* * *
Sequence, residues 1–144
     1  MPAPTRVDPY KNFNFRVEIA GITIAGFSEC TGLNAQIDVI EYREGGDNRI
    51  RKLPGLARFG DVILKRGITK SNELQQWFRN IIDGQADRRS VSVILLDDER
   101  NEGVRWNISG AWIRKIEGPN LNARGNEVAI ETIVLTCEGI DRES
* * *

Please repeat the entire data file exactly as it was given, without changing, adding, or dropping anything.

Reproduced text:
Sequence, residues 1–144
     1  MPAPTRVDPY KNFNFRVEIA GITIAGFSEC TGLNAQIDVI EYREGGDNRI
    51  RKLPGLARFG DVILKRGITK SNELQQWFRN IIDGQADRRS VSVILLDDER
   101  NEGVRWNISG AWIRKIEGPN LNARGNEVAI ETIVLTCEGI DRES